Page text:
THE Chinese trace their space program back to the 13th century, when they combined newly invented gunpowder with silk kites to make primitive missiles. Now, centuries later, China's rocketing technology is attracting new attention in the West; aerospace firms are turning to China to launch their commercial satellites. Last week, for instance, the China Great Wall Industry Corporation signed an agreement to launch a communications satellite for Teresat Inc. of Houston.
As anyone who has not been in orbit himself lately surely knows, this has not been a good season for NASA. The French, too, whose Ariane has been an alternative to NASA for launching satellites, suffered the failure of one of their rockets on its launch pad late last year.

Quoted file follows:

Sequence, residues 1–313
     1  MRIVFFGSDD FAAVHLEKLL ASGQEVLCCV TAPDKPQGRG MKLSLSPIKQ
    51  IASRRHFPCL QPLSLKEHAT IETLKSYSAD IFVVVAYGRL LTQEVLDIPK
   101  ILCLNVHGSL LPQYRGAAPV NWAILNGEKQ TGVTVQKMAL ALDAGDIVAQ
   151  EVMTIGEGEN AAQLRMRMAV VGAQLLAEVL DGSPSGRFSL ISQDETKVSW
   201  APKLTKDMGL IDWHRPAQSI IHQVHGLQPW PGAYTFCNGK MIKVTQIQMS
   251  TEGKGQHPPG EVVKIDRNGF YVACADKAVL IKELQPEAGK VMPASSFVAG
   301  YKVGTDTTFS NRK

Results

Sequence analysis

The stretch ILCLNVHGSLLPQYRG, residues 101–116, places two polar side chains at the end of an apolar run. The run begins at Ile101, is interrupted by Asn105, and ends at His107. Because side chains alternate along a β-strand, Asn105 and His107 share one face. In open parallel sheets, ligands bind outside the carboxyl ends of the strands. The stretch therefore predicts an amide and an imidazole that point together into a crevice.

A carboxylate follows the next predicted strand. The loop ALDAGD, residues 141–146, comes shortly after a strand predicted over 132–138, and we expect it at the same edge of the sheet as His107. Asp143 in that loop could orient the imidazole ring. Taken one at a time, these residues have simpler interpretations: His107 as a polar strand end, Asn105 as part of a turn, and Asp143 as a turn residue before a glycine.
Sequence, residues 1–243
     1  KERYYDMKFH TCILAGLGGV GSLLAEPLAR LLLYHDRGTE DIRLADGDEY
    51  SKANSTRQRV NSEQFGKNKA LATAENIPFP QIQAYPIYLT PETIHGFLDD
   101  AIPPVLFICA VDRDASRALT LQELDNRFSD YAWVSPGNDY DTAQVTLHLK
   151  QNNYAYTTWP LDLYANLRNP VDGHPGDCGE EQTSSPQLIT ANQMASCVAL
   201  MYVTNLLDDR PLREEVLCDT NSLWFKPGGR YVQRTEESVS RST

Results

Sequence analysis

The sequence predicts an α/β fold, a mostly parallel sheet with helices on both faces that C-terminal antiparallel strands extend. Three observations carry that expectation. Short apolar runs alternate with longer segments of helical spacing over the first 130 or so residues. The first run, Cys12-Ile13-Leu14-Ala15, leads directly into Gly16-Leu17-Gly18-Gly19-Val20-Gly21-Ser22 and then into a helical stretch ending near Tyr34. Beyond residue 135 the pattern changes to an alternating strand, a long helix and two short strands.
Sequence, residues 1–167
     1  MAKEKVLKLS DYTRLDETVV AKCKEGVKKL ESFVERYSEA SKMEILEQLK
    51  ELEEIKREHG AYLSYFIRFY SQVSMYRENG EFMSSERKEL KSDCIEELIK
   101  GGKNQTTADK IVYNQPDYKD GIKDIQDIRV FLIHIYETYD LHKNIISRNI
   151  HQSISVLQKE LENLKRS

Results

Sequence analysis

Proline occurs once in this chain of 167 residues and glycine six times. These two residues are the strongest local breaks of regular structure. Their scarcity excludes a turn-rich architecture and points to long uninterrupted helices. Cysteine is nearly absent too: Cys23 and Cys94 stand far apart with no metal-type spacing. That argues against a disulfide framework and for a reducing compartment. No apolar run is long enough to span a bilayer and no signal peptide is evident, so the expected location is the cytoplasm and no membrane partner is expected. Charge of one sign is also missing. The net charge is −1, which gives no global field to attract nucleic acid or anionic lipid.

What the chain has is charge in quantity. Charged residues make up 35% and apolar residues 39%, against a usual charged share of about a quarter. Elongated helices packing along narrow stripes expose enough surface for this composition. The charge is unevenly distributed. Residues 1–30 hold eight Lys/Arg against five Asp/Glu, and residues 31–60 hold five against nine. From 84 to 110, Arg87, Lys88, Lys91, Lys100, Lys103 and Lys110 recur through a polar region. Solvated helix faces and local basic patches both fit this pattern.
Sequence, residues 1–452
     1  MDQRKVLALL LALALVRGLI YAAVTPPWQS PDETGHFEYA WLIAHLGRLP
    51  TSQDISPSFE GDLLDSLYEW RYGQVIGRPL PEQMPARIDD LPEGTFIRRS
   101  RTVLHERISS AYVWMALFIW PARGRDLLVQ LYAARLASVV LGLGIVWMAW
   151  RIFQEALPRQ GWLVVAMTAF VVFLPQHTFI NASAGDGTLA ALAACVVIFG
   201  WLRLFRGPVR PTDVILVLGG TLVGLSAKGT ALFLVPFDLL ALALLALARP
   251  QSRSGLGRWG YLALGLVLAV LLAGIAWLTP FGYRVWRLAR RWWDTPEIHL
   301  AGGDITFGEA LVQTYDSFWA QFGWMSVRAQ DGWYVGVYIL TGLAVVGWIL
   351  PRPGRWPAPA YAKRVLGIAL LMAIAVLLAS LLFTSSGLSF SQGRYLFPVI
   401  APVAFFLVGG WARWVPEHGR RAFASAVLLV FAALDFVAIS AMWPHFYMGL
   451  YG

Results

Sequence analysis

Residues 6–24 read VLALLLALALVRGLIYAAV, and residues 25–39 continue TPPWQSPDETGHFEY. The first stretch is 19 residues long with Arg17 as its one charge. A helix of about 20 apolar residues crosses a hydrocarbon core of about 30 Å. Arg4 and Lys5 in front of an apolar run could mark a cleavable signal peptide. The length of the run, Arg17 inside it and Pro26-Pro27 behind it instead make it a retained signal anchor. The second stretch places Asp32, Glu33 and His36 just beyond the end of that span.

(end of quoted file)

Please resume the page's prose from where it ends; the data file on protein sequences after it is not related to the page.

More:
Hence the interest -- not quite a stampede -- in the modest but hitherto reliable Chinese program. If this sudden dearth of competition has been a ``lucky break'' for the Chinese, though, it is one they have been preparing for over many years. The Chinese are deservedly proud of their (largely) home-grown expertise. And they are offering bargain prices. The going rate for a spaceward boost on Ariane is $25 million-plus; for a NASA launch, $30 million. A Chinese contract to launch a satellite for a Swedish company -- pending technical studies -- was reported to bear a price not much above $10 million. We suppose this makes this undertaking of the People's Republic a sort of People Express of outer space.